Skip to main content
Please enter a legal issue and/or a location
Begin typing to search, use arrow keys to navigate, use enter to select

Find a Lawyer

More Options

Supreme Court Rejects Louis Vuitton

By William Vogeler, Esq. on October 09, 2017 | Last updated on March 21, 2019

How many courts does it take to make Louis Vuitton pack its bags?

Three: a U.S. District Court; a U.S. Circuit Court of Appeals; and the U.S. Supreme Court. They all said Louis Vuitton could take its case and go home.

In Louis Vuitton Malletier v. My Other Bag, the U.S. Second Circuit Court of Appeals affirmed a summary judgment against the high-fashion company's trademark and copyright case against a small company that made a parody bag. The U.S. Supreme Court said, "can't you take a joke?"


Actually, the justices said "petition denied" and left the Second Circuit decision in place. It brought an end -- finally -- to a bad case based on a good joke.

My Other Bag, founded by Tara Martin, describes itself on its website as an "eco-friendly canvas tote with a designer twist." Louis Vuitton apparently took umbrage that the company was mocking the high-fashion company with a low-cost canvas tote that said, "My Other Bag is a Louis Vuitton."

The luxury bag-maker threw its litigation resources at the smaller business, chasing it through courts from New York to Washington, D.C. Every court that considered the complaint rejected it.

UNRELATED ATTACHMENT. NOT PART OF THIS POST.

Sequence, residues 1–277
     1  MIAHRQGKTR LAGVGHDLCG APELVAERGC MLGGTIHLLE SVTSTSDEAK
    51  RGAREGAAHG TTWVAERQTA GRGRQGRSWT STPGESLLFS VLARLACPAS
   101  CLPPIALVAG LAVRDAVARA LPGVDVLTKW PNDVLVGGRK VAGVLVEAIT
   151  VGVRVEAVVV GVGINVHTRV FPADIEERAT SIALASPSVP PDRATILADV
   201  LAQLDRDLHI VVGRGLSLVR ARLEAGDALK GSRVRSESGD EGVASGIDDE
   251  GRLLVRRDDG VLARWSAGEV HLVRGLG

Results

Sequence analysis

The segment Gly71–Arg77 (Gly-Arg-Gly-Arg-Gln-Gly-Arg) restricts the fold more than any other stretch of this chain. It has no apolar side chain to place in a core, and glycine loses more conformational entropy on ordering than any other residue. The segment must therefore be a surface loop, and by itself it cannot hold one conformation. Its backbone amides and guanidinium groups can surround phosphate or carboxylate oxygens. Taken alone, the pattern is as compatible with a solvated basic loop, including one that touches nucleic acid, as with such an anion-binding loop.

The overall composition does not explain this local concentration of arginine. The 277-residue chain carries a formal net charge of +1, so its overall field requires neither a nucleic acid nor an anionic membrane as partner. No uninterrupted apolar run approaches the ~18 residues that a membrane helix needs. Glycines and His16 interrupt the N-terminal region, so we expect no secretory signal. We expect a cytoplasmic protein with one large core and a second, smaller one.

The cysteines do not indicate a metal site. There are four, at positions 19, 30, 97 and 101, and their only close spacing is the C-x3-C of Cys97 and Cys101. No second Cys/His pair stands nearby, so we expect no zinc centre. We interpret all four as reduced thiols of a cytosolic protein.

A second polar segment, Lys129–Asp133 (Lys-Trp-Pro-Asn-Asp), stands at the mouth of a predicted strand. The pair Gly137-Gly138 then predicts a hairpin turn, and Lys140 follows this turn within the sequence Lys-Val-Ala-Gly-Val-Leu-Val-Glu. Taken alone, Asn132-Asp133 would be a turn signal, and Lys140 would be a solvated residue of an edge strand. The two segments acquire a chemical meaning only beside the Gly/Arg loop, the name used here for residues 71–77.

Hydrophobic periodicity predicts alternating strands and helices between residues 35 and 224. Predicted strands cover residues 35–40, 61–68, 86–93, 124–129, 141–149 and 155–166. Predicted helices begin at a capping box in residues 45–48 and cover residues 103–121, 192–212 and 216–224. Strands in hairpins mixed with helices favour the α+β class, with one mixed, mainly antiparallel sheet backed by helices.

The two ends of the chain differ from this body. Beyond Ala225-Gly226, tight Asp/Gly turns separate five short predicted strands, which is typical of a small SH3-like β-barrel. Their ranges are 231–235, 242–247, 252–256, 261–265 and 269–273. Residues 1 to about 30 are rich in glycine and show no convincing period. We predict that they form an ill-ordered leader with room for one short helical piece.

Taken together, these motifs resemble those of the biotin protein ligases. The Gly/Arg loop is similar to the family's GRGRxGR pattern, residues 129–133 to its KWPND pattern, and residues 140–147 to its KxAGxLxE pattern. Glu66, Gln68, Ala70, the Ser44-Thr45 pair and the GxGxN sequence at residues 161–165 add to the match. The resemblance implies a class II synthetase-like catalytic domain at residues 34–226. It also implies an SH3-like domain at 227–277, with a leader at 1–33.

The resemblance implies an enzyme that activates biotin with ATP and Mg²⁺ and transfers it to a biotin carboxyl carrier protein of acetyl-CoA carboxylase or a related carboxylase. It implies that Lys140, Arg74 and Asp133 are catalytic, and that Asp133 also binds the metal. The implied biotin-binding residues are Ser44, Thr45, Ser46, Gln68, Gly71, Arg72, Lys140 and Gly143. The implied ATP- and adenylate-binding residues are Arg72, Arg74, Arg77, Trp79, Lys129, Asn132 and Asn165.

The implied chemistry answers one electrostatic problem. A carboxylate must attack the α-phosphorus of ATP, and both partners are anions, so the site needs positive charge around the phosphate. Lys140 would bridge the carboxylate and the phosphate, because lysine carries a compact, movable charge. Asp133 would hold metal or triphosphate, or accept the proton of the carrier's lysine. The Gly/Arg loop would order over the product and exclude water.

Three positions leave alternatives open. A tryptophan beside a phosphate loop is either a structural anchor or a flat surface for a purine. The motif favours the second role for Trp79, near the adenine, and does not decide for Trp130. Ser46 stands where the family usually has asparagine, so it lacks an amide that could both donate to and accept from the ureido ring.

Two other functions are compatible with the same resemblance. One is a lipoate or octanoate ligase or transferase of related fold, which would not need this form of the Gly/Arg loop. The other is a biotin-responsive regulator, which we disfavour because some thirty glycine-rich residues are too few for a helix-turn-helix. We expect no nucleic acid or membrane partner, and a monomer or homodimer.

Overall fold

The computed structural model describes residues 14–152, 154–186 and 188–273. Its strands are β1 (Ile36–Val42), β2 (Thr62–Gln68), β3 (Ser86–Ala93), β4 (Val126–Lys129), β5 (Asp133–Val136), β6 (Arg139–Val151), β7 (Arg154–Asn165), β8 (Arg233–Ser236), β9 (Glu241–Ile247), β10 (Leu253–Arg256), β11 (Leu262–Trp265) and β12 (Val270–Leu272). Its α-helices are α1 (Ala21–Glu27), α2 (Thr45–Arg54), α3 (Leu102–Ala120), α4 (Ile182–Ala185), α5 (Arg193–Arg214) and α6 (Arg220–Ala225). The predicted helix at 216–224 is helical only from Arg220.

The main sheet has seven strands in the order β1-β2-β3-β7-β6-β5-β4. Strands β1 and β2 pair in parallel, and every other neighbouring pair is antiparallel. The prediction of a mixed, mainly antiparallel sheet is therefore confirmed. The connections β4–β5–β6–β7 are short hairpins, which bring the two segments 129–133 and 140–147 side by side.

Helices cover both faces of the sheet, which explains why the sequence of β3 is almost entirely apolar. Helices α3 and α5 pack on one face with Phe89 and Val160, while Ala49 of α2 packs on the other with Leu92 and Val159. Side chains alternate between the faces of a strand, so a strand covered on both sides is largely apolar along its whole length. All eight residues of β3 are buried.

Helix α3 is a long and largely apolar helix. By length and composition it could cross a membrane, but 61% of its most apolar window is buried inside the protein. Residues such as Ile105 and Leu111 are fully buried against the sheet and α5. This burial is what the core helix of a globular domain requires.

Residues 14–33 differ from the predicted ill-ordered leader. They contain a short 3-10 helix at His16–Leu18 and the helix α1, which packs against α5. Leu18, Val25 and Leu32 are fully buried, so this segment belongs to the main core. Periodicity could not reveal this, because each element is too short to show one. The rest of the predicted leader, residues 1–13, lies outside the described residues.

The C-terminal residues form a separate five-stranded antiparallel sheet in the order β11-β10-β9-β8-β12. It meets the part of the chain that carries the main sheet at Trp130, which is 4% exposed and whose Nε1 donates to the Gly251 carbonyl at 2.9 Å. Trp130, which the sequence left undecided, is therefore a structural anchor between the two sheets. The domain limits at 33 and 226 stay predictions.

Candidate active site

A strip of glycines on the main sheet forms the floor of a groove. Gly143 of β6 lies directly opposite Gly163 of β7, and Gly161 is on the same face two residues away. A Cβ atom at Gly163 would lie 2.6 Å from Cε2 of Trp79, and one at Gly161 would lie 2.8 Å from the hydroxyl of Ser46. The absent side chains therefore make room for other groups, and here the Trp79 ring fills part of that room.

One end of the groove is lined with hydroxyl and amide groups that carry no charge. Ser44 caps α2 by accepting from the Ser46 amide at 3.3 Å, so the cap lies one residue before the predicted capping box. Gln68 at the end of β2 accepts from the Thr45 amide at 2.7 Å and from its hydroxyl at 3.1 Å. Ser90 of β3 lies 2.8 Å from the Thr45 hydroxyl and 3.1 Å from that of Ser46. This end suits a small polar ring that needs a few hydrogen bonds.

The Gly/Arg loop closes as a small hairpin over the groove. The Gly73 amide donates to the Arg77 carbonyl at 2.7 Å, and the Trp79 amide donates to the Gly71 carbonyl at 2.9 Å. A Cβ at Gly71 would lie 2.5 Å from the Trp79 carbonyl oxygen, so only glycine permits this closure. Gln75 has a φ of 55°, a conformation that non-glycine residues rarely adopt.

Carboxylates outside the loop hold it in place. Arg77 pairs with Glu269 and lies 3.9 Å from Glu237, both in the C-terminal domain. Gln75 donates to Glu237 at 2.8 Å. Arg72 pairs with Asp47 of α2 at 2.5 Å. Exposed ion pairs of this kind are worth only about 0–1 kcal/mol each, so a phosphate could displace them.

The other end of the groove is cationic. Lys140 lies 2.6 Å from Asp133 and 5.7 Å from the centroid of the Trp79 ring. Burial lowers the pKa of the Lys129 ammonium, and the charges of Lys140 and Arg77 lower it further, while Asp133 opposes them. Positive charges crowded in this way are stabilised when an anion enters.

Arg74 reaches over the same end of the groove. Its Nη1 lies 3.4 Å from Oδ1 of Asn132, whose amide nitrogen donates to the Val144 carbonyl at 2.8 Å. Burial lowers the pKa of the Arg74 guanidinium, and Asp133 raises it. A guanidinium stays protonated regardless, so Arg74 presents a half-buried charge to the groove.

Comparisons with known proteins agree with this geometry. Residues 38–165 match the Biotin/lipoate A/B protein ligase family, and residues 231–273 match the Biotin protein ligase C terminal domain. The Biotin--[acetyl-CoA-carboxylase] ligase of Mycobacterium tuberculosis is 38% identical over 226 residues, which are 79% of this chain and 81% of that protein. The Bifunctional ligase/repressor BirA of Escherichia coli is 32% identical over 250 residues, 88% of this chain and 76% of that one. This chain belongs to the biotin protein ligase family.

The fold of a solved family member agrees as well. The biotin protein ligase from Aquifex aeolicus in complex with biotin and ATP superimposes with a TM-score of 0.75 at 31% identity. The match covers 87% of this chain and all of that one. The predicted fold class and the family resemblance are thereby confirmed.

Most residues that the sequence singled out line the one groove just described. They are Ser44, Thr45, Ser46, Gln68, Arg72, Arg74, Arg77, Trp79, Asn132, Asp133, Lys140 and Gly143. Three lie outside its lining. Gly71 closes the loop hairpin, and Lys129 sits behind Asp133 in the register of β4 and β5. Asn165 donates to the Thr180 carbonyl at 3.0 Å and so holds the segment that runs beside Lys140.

The Second Circuit said My Other Bag's plain design is "such a conscious departure from LV's image of luxury -- in combination with the slogan "My other bag" -- as to convey that MOB's tote bags are not LV handbags."

Who's Laughing Now?

Meanwhile, it looks like My Other Bag has toned down the humor on its website. In its press room, the company says nothing about the legal victory.

Instead, it features photos of celebrities toting its bags. Jessica Alba, Katie Holmes, Jessica Beal, Kendall Jenner, and others sport My Other Bag.

For the latest Supreme Court news, subscribe to FindLaw's U.S. Supreme Court Newsletter.

Related Resources:

You Don’t Have To Solve This on Your Own – Get a Lawyer’s Help

Meeting with a lawyer can help you understand your options and how to best protect your rights. Visit our attorney directory to find a lawyer near you who can help.

Or contact an attorney near you:
Copied to clipboard